Odisha Lags Far Behind Other States In Medical Colleges; Know Why

Bhubaneswar: Even as Odisha government insists on giving top priority to health services, the state remains far behind in the number of medical colleges for delayed initiative in this regard.


With India lagging far behind in ensuring health services to the people both in government and private sectors, developed states like Maharashtra, Gujarat and Tamil Nadu seized the opportunity after liberalisation of economy and opened the health services to the private sector. As a result, those states now have medical colleges which are almost double the number of the total districts. On the other hand, Odisha is yet to get one medical college in each district.

According to the data furnished by Union Minister of State for Health Bharati Pravin Pawar in Rajya Sabha in December last year, Maharashtra has 30 government and 33 private medical colleges for its 35 districts.

Similarly, Rajasthan has 21 government and 9 private medical colleges for 33 districts, Gujarat has 23 government and 13 private medical colleges for 33 districts, Tamil Nadu has 38 government and 33 private medical colleges for 38 districts.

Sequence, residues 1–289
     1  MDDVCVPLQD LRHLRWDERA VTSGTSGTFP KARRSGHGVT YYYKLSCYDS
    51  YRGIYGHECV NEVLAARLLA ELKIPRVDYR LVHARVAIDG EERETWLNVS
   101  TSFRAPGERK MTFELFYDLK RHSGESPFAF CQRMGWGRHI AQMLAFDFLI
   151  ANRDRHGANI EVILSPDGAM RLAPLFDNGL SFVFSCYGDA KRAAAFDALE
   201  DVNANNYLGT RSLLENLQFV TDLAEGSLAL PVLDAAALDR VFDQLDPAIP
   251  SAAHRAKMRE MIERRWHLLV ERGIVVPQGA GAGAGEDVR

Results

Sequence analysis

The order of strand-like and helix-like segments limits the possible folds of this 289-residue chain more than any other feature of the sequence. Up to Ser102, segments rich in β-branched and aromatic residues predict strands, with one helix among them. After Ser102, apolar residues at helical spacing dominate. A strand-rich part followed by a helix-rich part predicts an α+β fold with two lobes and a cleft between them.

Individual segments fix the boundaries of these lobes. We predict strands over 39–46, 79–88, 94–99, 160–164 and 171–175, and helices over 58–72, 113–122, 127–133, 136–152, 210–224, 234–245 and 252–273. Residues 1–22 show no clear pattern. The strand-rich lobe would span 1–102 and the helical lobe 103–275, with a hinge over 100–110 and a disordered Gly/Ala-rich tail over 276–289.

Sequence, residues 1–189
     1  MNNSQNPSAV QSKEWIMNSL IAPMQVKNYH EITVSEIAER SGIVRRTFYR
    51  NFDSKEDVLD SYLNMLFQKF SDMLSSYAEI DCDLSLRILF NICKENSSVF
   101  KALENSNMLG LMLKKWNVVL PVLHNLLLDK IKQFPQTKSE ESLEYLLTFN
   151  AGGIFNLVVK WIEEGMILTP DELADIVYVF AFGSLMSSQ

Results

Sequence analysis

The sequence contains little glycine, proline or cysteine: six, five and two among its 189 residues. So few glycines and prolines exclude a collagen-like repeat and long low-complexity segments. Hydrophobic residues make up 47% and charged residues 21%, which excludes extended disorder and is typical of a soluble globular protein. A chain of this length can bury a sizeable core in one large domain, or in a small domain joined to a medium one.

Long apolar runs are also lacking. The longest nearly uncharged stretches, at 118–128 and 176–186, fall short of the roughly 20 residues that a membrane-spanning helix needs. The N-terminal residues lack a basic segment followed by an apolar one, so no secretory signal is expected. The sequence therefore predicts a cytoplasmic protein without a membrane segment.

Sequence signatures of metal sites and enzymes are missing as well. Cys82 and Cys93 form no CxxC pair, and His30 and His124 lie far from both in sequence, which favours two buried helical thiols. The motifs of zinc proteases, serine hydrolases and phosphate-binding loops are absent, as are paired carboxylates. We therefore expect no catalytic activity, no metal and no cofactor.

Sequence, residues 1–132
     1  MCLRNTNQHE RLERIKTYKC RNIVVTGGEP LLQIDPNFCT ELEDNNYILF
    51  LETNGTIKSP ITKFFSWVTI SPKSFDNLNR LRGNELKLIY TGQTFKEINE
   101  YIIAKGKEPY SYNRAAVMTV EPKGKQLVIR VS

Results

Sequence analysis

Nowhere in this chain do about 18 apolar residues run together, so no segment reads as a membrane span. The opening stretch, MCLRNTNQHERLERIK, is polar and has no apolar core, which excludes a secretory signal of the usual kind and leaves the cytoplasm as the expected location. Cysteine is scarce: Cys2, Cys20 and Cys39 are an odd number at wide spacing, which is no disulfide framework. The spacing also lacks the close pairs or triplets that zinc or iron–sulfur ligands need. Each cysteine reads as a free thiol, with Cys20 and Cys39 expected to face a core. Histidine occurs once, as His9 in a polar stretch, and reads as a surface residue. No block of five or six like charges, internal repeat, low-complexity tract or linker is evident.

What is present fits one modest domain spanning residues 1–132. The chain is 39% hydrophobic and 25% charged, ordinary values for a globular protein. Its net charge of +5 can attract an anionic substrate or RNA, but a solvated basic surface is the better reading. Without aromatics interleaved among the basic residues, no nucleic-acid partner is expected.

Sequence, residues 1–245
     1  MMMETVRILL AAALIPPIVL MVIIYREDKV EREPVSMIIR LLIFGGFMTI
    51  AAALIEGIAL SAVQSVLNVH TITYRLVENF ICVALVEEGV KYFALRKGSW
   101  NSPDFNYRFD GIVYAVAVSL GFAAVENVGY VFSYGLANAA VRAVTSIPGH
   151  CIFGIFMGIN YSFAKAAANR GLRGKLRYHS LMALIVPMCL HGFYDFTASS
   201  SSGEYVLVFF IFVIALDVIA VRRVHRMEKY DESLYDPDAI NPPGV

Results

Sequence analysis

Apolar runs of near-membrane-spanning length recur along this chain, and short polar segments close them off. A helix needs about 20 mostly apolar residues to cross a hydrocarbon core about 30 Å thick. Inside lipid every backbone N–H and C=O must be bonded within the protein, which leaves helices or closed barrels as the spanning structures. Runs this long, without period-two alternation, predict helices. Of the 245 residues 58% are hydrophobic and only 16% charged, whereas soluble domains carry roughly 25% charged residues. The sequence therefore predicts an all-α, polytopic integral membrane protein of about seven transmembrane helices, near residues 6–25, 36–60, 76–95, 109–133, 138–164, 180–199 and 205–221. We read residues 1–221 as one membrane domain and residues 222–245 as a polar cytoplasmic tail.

Compared to this, Odisha has 11 government and 4 private medical colleges which account for half of its 30 districts.

The reasons for Odisha lagging behind other states is not far to seek. According to Dr Sridhar Kadam, regional director, Indian Institute of Public Health (IIPH), unlike these states, Odisha allowed private medical colleges to open much later. While other states began the process before 2000, Odisha opened the door of health sector to private players after 2005.

“As a result, other states got a pool of medical professors well ahead before establishing hospitals at below the district levels. But Odisha continues to struggle in getting medical teachers for its newly opened colleges forcing it to depend on outsourcing or contract hiring from outside at a higher cost,” said Dr Kadam.

It may be noted that health services being a State subject, it has remained a neglected area for the Central government. It was only in 2014 that the Centre sanctioned funds for opening 157 medical colleges. It announced to provide 60% cost of the infrastructure for the medical colleges in the states.

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